Feminist War Games? explores the critical intersections and collisions between feminist values and perceptions of war, by asking whether feminist values can be asserted as interventional approaches to the design, play, and analysis of games that focus on armed conflict and economies of violence.

Focusing on the ways that games, both digital and table-top, can function as narratives, arguments, methods, and instruments of research, the volume demonstrates the impact of computing technologies on our perceptions, ideologies, and actions. Exploring the compatibility between feminist values and systems of war through games is a unique way to pose destabilizing questions, solutions, and approaches; to prototype alternative narratives; and to challenge current idealizations and assumptions. Positing that feminist values can be asserted as a critical method of design, as an ideological design influence, and as a lens that determines how designers and players interact with and within arenas of war, the book addresses the persistence and brutality of war and issues surrounding violence in games, whilst also considering the place and purpose of video games in our cultural moment.

Feminist War Games? is a timely volume that questions the often-toxic nature of online and gaming cultures. As such, the book will appeal to a broad variety of disciplinary interests, including sociology, education, psychology, literature, history, politics, game studies, digital humanities, media and cultural studies, and gender studies, as well as those interested in playing, or designing, socially engaged games.

part I|2 pages


chapter |8 pages

Feminist war games?

Mechanisms of war, feminist values, and interventional games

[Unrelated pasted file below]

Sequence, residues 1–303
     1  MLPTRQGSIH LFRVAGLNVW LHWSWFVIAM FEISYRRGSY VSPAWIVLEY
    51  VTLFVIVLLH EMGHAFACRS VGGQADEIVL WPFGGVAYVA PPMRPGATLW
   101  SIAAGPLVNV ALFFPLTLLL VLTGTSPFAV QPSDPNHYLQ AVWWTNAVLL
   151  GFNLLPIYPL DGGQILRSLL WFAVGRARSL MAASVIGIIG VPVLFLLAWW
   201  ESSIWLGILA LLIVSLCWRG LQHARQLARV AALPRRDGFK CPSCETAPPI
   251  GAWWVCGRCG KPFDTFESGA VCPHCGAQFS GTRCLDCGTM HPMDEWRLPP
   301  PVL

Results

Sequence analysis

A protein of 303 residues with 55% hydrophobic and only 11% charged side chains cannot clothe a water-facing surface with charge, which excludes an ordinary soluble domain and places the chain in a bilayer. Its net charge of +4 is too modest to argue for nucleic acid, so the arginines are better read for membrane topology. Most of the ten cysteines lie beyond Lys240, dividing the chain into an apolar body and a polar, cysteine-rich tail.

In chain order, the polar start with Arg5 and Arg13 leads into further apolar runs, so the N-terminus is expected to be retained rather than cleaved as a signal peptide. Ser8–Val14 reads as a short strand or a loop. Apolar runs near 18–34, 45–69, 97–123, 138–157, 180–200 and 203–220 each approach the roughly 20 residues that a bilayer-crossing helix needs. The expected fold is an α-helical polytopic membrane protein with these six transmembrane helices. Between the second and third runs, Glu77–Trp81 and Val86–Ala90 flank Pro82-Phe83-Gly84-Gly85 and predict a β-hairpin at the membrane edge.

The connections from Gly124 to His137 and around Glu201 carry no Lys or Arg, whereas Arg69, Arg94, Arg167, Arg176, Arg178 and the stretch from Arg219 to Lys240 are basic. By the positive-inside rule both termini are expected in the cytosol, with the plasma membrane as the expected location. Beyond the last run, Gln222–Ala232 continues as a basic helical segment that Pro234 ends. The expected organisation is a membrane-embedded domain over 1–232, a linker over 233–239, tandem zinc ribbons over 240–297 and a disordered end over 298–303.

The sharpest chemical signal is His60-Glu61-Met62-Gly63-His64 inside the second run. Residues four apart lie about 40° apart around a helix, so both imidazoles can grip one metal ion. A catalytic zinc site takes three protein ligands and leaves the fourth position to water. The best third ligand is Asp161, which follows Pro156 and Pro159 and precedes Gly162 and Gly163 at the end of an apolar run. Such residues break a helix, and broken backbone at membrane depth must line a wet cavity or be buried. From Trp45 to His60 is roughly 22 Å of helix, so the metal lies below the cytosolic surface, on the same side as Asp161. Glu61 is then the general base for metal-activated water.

ByAlyssa Arbuckle, Jon Saklofske, Jon Bath

part II|2 pages

Play as inquiry

chapter 1|17 pages

Are there (can there be/should there be) feminist war games?

ByJon Saklofske, Emily Cann, Danielle Rodrigue-Todd, Derek Siemens

chapter 2|8 pages

Gendered authorship in war gaming

Whose fantasy is it anyway?
ByAnastasia Salter

chapter 3|15 pages

An overview of the history and design of tabletop wargames in relation to gender

From tactics to strategy
ByMatt Shoemaker

chapter 4|11 pages

Reframing the domestic experience of war in This War of Mine

Life on the battlefield
ByRyan House

part III|2 pages

Feminism as war

chapter 5|15 pages

Gamified suburban violence and the feminist pleasure of destructive play

Rezoning warzones
ByAdan Jerreat-Poole

chapter 6|9 pages

Because we are always warring

Feminism, games, and war
BySuzanne de Castell, Jennifer Jenson

chapter 7|10 pages

Exploring agency and female player–character relationships in Life Is Strange

What choice do I have?
ByAndrea Luc

chapter 8|18 pages

‘What is a feminist war game?’

A game jam reflection
BySarah Stang

part IV|2 pages

Challenging the industry

chapter 9|11 pages

Feminism and the forever wars

Prototyping games in the time of ‘America First’
ByElizabeth Losh

chapter 10|18 pages

Seven dimensions of a feminist war game

What we can learn from This War of Mine
ByChristopher Kampe

chapter 11|17 pages

Failed feminist interventions in Wolfenstein II: The New Colossus

ByMark Kaethler

chapter 12|15 pages

Subversive game mechanics in the Fatal Frame and Portal franchises

Having your cake and eating it too
ByGabi Kirilloff

chapter 13|11 pages

Toxic pacifism

The problems with and potential of non-violent playthroughs
ByJon Bath, Elly Cockcroft

part V|2 pages


chapter 195Taking binaries off the table|7 pages

ByMary Flanagan